As I’ve touched on in previous posts, our organisational structures were set up, on the whole, to be very hierarchical. This is because they were heavily influenced by industrial era thinking. A typical organisational structure will therefore have tiers of senior management, middle management and junior management (team leaders, supervisors etc). The layers exist to control those below them. As our understanding of human psychology has improved so has our drive to offer more interesting work and to talk about ‘empowerment’. Of course the irony is we do this against many industrial era norms which remain contrary to this enlightened thinking.
A desire to have compliant staff was something so valued by industry, that author Ken Robison argues in his excellent presentation on TED Talks, that it has shaped the education system (whilst he refers to the United States the parallels with the United Kingdom are there). So we have a situation where by we encourage people to comply and this extends into the world of work. People are indoctrinated to obey and to have the belief that manager/teacher i.e. people in positions of authority know best. In certain circumstances this might be true and necessary, but I put it to you that it also encourages behavioural traits which are less helpful in our world today.
I also can’t help but look at the negative impact of modern society in the UK. We have a culture which is increasingly about blame and about people looking for others to do things for them. People expect things are disposable, people expect things from the government and people expect others to be responsible if things are not to their liking. This ‘blame culture’, which I would argue has been fuelled by both sides of the political spectrum (and the media), has in my mind, created a scenario where by people are reluctant to take responsibility. Society instils in people a sense of reliance which is contrary to the values of empowerment. In an ideal world it would be more about 'if you don’t like something then do something about it'! Unfortunately it seems that many would sooner blame someone else. This creates difficulties when we ask people to take responsibility which empowerment inherently does.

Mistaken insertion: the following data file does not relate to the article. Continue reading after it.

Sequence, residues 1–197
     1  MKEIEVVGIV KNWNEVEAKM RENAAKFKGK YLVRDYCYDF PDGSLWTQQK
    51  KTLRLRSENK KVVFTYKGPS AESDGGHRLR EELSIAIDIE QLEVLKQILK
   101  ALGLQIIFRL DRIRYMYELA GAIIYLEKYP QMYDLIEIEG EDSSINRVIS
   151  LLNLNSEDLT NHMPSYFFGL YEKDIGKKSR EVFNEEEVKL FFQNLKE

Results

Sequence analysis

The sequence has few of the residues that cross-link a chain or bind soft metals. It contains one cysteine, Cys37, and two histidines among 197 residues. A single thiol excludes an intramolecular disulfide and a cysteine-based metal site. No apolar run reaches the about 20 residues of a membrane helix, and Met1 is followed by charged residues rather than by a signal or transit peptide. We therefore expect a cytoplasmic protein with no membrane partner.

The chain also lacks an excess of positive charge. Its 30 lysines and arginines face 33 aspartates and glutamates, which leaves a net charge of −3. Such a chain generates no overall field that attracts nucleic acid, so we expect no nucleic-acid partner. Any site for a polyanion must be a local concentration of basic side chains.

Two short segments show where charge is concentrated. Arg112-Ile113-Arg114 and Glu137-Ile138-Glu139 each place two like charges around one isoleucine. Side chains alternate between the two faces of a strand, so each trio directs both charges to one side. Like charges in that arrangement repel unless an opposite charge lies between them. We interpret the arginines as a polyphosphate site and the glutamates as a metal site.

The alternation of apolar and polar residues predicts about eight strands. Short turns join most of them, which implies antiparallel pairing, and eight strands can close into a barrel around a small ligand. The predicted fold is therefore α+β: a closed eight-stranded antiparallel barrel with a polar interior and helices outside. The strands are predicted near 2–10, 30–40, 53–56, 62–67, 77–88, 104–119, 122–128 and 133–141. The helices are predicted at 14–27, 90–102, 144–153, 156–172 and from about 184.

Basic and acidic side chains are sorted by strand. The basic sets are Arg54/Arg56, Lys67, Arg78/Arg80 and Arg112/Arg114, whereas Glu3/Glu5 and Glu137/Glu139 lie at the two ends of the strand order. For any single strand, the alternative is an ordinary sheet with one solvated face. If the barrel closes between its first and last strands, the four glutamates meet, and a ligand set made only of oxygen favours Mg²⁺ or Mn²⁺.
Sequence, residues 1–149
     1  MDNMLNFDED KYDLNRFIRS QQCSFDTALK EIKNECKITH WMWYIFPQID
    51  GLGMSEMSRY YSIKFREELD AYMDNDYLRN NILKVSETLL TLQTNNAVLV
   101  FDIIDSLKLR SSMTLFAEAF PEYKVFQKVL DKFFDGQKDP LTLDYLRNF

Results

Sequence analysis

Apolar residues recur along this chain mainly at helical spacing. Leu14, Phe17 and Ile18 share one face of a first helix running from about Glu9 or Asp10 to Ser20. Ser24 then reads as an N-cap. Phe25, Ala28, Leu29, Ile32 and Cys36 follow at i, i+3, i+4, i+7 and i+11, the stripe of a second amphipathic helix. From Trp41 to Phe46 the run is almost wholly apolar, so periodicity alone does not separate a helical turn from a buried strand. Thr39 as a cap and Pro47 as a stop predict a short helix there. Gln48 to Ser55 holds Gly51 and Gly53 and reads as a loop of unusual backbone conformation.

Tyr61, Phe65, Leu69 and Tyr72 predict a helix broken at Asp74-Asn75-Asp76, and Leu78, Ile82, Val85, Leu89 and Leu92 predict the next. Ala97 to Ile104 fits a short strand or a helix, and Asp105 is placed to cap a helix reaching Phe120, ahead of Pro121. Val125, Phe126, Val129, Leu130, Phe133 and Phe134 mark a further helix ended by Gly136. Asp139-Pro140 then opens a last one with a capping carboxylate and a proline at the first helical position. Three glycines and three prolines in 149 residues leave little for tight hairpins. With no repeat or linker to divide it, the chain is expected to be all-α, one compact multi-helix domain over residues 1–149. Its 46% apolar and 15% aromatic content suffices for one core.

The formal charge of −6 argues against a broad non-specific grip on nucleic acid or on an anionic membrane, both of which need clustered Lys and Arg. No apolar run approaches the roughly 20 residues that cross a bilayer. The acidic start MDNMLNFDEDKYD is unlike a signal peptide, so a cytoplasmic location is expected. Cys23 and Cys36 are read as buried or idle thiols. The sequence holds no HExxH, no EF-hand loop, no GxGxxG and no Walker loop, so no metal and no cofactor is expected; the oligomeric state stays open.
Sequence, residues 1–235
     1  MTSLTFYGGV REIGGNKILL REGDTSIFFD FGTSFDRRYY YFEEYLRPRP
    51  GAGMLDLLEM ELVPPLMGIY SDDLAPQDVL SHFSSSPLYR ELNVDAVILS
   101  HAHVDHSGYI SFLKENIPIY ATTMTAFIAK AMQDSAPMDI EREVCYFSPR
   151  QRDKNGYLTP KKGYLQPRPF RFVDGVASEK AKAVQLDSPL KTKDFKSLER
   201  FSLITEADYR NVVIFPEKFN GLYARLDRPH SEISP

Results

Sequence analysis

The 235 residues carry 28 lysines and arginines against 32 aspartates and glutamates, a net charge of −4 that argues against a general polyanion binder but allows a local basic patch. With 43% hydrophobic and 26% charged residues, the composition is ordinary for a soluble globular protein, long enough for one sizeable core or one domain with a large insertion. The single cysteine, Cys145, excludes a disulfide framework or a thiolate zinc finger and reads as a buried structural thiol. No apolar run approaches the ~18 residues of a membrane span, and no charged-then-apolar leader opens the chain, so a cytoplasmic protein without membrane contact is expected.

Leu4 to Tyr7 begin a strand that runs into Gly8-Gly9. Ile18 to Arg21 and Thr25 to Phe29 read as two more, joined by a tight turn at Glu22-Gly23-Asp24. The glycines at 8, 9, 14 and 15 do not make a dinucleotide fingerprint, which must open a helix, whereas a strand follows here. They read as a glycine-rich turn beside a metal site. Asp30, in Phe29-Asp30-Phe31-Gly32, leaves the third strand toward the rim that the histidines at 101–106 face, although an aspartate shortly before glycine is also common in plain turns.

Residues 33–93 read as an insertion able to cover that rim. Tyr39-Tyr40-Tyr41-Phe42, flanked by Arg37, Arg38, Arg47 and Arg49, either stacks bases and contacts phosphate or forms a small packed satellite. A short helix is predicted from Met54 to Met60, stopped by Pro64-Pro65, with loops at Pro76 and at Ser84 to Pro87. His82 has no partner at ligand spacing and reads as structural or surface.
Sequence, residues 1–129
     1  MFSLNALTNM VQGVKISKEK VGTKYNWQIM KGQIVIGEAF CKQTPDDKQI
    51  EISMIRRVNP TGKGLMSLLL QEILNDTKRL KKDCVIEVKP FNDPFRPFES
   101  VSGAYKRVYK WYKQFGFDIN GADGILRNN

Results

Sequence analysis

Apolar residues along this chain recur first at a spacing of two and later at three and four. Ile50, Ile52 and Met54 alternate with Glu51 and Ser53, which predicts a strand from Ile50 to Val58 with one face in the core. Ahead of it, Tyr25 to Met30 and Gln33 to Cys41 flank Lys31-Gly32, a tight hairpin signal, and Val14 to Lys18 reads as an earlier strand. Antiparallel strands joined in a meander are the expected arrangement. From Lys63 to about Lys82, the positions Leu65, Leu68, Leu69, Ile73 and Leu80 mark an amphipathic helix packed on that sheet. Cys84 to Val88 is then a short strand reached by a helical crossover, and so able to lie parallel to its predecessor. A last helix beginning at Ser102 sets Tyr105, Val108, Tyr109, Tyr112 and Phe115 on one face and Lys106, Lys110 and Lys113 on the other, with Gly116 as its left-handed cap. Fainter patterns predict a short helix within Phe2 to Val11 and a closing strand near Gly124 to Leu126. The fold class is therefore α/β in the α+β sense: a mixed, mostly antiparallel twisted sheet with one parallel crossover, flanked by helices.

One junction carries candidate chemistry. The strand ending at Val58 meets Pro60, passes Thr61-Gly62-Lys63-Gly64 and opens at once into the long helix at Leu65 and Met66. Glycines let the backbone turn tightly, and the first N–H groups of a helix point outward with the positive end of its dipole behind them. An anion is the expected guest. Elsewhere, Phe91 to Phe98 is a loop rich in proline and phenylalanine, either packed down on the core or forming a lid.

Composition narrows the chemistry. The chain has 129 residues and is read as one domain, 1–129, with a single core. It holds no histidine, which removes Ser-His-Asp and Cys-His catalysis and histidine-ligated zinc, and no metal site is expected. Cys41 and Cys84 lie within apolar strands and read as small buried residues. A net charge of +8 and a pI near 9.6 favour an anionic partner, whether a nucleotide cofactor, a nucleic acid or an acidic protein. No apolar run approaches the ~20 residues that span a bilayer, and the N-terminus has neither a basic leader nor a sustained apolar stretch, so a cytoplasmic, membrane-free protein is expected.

So when we talk about empowerment in the work place and when we talk about it authentically, we mean we are giving people more decision making concerning their work and their development. Progressive behavioural psychologists such as Maslow told us that is what human beings wanted and would be the best way to unleash the silver bullet of intrinsic motivation. I don’t dispute this high ideal and think it’s what we need to strive for to have both a more successful economy and society. However I also realise it’s not easy.
Unfortunately the negative indoctrination I referred to has created a situation whereby many people are reluctant to grasp true empowerment. The old norms valued compliance with sharp divides between ‘manager’ and ‘staff’ and it is difficult to break these down. For example a typical reaction by a member of staff when recalling their experience with training or development at work is to blame their manager when something has gone wrong. Blame is easy, but looking closer to home isn’t.